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Rupert Murdoch

Murdoch with his daughter Elisabeth (left) and third wife, Wendi Deng, in 2008. Getty Images

Rupert Murdoch turned 90 in March, but only managed to throw a belated birthday party this month. Held at Holmwood, his £11.25m Georgian manor in the Chilterns, it was attended by a who’s who of politicians, including Rishi Sunak and Michael Gove. An hour-long video tribute organised by Murdoch’s daughter Elisabeth was cheekily soundtracked by the theme tune for Succession – a show that shares uncanny similarities with the Murdoch family drama.

Is there a new series of the Murdoch show to compete with season three of Succession?
Looks like it. Murdoch has taken advantage of GB News’s shakiness to announce a new channel, talkTV, which will be launched early next year. He hasn’t had a stake in the British television market since he gave up his share in Sky in 2018. With The Sun beset by rising losses and falling circulation, Murdoch needs a new source of income and influence. Piers Morgan has been signed up as a figurehead for the station, so talkTV should dominate our Twitter feeds, if nothing else.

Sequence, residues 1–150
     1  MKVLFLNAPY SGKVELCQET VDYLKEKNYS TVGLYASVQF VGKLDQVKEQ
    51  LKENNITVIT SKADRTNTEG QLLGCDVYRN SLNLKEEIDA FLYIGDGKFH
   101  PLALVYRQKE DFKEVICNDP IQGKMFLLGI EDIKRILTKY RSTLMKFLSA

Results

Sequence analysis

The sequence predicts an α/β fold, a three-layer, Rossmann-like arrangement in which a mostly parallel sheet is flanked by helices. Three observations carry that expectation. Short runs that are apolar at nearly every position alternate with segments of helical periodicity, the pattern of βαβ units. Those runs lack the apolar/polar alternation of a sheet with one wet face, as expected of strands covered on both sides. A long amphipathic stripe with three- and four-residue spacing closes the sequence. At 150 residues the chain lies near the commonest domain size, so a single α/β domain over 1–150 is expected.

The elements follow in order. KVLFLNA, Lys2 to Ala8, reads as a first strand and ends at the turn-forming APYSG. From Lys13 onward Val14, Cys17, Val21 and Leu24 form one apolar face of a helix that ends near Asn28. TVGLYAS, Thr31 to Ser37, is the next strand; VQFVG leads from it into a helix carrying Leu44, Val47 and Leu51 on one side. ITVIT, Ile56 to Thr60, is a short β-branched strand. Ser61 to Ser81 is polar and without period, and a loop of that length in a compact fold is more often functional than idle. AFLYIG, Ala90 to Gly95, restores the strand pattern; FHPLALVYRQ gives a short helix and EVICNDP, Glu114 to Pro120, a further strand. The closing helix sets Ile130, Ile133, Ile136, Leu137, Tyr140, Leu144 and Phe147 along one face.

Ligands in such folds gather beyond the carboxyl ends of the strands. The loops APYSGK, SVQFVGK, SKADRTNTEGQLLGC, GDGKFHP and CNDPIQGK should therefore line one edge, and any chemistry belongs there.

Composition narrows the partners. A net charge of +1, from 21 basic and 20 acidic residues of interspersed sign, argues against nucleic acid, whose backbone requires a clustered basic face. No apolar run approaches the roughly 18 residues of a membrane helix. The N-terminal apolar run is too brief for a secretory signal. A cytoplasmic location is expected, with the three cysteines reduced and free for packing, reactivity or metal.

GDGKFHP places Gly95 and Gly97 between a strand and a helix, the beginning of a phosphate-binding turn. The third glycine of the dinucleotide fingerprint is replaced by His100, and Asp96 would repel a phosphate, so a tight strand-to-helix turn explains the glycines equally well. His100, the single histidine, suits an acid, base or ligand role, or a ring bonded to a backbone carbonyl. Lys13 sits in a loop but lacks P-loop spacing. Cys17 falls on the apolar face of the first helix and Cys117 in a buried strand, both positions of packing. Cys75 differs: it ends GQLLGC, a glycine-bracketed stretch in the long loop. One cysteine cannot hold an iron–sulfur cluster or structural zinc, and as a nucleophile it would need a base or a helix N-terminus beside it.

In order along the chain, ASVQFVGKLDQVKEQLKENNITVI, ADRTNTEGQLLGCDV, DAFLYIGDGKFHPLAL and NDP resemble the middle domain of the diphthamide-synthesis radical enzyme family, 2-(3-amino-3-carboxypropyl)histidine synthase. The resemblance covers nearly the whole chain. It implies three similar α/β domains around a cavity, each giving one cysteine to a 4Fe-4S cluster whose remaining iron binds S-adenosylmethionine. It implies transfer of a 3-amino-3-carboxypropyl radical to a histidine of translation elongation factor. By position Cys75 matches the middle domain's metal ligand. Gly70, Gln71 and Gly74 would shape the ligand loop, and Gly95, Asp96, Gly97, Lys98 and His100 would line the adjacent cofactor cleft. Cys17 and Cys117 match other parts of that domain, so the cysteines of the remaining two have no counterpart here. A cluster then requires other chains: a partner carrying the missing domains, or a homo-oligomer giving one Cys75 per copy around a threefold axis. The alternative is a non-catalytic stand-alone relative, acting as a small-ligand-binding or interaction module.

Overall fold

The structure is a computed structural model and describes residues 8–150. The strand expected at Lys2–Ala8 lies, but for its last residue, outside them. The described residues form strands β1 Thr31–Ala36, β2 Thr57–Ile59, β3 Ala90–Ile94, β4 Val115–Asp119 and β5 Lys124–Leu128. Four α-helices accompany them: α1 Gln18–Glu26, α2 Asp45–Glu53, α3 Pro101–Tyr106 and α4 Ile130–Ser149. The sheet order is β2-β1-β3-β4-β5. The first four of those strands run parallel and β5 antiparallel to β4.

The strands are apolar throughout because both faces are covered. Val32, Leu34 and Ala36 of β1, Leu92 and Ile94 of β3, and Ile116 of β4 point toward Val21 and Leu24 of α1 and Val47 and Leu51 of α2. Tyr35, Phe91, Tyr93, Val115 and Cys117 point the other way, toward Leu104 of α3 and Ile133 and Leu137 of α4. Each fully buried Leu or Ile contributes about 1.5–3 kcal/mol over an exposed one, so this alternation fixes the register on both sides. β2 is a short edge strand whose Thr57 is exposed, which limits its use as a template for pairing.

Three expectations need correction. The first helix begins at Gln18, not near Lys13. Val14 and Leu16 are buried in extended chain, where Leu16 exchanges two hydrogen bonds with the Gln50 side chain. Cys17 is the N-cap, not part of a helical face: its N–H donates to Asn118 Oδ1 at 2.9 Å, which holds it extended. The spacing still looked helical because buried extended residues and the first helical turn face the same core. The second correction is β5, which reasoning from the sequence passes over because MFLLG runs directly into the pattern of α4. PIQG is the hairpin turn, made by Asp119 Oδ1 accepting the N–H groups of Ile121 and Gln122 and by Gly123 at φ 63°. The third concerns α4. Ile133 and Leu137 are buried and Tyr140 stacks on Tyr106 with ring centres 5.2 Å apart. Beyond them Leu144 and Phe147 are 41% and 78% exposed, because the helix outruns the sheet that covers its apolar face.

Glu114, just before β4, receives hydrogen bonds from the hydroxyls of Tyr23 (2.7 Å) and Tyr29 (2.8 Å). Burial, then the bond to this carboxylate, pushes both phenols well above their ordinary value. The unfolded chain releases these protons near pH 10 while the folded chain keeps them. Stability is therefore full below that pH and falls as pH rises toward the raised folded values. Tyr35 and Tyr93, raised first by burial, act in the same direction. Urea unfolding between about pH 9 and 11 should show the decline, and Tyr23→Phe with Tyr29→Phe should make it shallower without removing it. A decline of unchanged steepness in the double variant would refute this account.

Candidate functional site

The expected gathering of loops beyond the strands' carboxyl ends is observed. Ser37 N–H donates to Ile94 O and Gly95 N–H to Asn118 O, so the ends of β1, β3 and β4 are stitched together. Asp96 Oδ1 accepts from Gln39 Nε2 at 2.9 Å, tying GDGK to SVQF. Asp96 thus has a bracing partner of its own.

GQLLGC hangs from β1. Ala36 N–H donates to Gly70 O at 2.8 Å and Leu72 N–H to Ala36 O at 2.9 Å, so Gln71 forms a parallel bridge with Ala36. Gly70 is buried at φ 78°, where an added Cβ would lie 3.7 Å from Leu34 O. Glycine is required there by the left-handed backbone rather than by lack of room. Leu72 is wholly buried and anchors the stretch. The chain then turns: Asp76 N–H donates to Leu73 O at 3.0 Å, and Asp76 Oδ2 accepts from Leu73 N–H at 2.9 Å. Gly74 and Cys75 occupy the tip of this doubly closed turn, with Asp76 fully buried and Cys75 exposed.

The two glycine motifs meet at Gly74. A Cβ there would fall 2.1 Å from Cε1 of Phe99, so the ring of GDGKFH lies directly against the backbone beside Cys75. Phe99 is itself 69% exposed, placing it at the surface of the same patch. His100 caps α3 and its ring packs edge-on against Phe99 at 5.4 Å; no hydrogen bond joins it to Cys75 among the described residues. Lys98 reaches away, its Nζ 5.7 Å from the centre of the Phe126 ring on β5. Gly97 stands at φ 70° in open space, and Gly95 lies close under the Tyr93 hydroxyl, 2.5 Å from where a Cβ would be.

Can’t wait. But isn’t Murdoch too old for all of this?
As a nonagenarian with a more than healthy net worth of $23.1bn, you might think so. In 2018 he tripped up on his son Lachlan’s yacht and broke a vertebra. His fourth wife, Jerry Hall, 65, was so worried that she summoned his children to potentially make their peace. But Murdoch pulled through, went back to work and still hasn’t touched his pension. His mother, Elisabeth, died at 103, which bodes well for his longevity. That said, he oversees “a much-diminished empire, like Britain after 1945”, says Andrew Neil, one of his former editors. In 2017 Murdoch sold his entertainment business 21st Century Fox to Disney for $71bn. Each of his six children got $2bn from it. But the News Corp media machine endures: countless papers in his native Australia; The Wall Street Journal and the New York Post in America; The Sun, The Times and The Sunday Times in Britain. He also owns Fox News.